PUYALLUP, Wash. — What customers at Puppyland see are cute dogs with price tags up to $5,000. And if you finance that pet at the store, the interest can run as high as 128 percent.
Last Summer, Millie and Howard Hill bought a Chihuahua from Puppyland in Puyallup.
“What do I think of Puppyland? They’re the worst of the worst,” Millie says.
It was $4600 for the dog. Add-ons and tax took the price tag to $5500. So the couple financed the purchase.
One loan was for $2,800 dollars at 128 percent interest, the other for $2,500 at 71%.
Add in $200 cash, and that brings the total cost for the dog with interest to $14,185.18.
Millie says she paid less for her car.
“I’ve been in this industry for about 10 years now. And I just love animals.”
Kayla Kerr owns Puppyland, which has locations in four states. She says she started her business three years ago in Puyallup based on her love of animals.
I asked her about their in-house financing.
“So Puppyland is not the one financing these for customers. These are all third parties. We have no determination or say in what their interest rate is. This is all determined by the financing company,” says Kerr.
But it’s her business. Customers who sign up for financing walk out, and are hit with interest that could buy them two dogs.
“Correct. Yeah. so, I’m not in the position to make a financial decision for them. I don’t know what their financials look like when they get home,” says Kerr.
So we dug deeper into the paperwork, and we saw this: a fee for a “Pet Industry Defense Fund” ranging from $10 to $15 going back as far as 2018.
What is it? And why should customers pay it?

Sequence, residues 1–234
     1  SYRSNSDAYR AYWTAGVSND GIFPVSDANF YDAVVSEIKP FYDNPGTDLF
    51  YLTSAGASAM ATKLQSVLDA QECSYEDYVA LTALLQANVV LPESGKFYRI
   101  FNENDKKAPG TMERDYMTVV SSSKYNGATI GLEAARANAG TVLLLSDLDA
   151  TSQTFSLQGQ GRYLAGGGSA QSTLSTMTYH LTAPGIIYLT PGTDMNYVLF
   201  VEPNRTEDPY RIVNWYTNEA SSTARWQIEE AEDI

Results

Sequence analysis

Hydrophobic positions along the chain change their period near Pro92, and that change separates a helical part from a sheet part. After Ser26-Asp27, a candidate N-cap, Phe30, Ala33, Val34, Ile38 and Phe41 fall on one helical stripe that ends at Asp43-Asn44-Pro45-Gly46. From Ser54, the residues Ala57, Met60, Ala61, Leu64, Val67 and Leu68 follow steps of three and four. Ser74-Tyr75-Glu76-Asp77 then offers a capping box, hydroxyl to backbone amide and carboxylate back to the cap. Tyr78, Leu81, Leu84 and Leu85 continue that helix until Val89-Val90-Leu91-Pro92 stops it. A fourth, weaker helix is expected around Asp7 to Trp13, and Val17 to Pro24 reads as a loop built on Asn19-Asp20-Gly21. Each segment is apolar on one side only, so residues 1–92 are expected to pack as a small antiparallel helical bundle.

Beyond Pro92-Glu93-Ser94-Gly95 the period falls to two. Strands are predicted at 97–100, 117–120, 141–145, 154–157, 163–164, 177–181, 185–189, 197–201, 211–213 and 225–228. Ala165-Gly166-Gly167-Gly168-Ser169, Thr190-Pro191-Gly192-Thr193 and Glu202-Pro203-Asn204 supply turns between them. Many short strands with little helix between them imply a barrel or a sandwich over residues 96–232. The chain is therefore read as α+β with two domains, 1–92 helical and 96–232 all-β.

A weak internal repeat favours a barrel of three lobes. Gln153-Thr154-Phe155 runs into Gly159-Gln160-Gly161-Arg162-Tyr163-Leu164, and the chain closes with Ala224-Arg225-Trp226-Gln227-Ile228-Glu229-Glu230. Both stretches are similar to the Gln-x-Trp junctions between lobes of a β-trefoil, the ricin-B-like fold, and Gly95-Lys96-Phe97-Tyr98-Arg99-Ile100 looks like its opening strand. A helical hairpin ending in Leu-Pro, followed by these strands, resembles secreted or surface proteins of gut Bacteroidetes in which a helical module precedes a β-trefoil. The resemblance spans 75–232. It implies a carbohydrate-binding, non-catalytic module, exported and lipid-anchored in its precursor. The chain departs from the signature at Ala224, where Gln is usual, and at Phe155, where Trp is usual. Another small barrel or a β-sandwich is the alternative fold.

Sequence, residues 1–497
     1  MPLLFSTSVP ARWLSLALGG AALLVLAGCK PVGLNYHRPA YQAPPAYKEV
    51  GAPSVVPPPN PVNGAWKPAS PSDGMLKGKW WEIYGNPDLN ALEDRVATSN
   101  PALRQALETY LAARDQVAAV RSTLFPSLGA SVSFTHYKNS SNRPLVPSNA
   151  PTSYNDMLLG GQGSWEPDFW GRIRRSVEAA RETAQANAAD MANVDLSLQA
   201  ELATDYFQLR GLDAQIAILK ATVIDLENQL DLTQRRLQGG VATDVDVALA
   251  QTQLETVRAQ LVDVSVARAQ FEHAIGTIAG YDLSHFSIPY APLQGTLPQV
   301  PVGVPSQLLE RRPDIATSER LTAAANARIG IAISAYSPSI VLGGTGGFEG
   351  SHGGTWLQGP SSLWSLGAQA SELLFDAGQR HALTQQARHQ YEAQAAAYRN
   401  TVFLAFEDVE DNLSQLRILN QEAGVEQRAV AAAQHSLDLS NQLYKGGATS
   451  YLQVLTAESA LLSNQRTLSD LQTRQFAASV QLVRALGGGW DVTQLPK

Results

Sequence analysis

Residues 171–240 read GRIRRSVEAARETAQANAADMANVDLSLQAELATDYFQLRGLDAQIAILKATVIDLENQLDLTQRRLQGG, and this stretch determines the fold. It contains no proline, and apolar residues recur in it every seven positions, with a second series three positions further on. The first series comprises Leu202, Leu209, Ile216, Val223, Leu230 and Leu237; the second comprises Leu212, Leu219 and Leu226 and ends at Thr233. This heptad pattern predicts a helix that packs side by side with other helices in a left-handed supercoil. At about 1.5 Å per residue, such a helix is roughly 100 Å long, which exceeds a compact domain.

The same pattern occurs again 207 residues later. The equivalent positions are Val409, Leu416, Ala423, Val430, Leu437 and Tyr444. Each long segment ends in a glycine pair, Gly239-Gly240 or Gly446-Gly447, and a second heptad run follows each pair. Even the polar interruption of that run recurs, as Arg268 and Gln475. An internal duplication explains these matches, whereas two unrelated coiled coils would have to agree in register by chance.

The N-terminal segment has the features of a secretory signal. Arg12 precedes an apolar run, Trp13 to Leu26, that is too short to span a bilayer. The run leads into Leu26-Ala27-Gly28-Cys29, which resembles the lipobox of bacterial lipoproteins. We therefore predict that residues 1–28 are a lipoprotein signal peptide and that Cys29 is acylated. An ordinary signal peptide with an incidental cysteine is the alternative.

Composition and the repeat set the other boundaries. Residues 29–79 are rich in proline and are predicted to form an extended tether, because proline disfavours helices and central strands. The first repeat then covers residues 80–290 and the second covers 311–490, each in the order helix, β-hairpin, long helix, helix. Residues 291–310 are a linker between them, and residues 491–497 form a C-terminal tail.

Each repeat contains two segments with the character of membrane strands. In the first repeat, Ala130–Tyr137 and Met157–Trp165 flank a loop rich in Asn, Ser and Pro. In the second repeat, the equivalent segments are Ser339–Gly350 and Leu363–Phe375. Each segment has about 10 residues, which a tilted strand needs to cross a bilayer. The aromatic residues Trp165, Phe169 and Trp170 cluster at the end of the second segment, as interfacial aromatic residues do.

“It’s just that. So this is a fee that goes back into protecting the industry and advocating for our industry,” says Kerr.
Kerr confirms the fee goes to their lobbyist, and other organizations. She says it’s optional.
But I asked Millie if she was ever told about the fee, or given the option to not pay it.
“No. I never even heard of it,” says Millie.
And on the day of our interview, Kerr decided to make a change with the fee.
“Now that we know that it’s a concern that people are not wanting to see it, we’ve already taken it off our pricing sheet completely,” says Kerr.
As for Howard and Millie Hill, Howard was later diagnosed with vascular dementia.
Aimee Budrow is the couples’ daughter.
“Very soon after my dad got critically ill. And I took over as power of attorney and looked at their finances and discovered exactly what took place,” says Aimee. “I offered to return the puppy. I offered to try to settle. They were not willing to speak with me.”
Three loans, three different rates
“And it breaks my heart to hear about their situation. You know I’m so sorry about the dad having dementia and, you know, that she wasn’t helped the way that she should have been helped when she did contact our store,” says Kerr.
In the end, Millie got a third loan - outside of Puppyland - in an attempt to pay off the other two. Her interest rate for that final loan was 22 percent.
Four months after the puppy purchase, Millie’s husband Howard died. She gave the dog away to family.
Now everything is gone. Except the payments.
“The worst experience of my life. As bad as losing my husband. It’s terrible what they do to people,” says Millie.
Puppyland owner Kayla Kerr says the business has lenders offering much lower interest rates than Millie’s. And she defends her puppy pricing because she says the dogs come with health guarantees.
Are these 71 percent and 128 percent interest rates legal? Yes. Although Washington state has laws governing interest rates, loans made according to the Retail Installment Act do not have to comply with those caps.
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